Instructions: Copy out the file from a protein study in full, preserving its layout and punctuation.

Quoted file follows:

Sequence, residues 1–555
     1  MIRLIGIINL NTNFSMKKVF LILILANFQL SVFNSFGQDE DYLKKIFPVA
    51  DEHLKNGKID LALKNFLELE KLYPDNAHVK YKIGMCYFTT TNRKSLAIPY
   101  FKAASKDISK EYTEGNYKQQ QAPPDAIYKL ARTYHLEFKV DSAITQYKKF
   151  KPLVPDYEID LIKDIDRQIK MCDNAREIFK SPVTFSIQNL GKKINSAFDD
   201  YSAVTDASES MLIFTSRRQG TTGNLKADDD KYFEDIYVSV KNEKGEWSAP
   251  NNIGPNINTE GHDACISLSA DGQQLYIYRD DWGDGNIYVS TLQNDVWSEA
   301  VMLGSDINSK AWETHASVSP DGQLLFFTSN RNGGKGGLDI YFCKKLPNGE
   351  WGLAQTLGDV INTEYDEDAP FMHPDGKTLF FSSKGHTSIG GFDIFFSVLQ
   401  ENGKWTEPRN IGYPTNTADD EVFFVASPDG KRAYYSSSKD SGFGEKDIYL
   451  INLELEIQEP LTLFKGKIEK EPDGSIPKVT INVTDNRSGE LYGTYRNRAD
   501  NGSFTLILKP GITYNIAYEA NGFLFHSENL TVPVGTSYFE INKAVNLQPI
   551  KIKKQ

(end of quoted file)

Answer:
Sequence, residues 1–555
     1  MIRLIGIINL NTNFSMKKVF LILILANFQL SVFNSFGQDE DYLKKIFPVA
    51  DEHLKNGKID LALKNFLELE KLYPDNAHVK YKIGMCYFTT TNRKSLAIPY
   101  FKAASKDISK EYTEGNYKQQ QAPPDAIYKL ARTYHLEFKV DSAITQYKKF
   151  KPLVPDYEID LIKDIDRQIK MCDNAREIFK SPVTFSIQNL GKKINSAFDD
   201  YSAVTDASES MLIFTSRRQG TTGNLKADDD KYFEDIYVSV KNEKGEWSAP
   251  NNIGPNINTE GHDACISLSA DGQQLYIYRD DWGDGNIYVS TLQNDVWSEA
   301  VMLGSDINSK AWETHASVSP DGQLLFFTSN RNGGKGGLDI YFCKKLPNGE
   351  WGLAQTLGDV INTEYDEDAP FMHPDGKTLF FSSKGHTSIG GFDIFFSVLQ
   401  ENGKWTEPRN IGYPTNTADD EVFFVASPDG KRAYYSSSKD SGFGEKDIYL
   451  INLELEIQEP LTLFKGKIEK EPDGSIPKVT INVTDNRSGE LYGTYRNRAD
   501  NGSFTLILKP GITYNIAYEA NGFLFHSENL TVPVGTSYFE INKAVNLQPI
   551  KIKKQ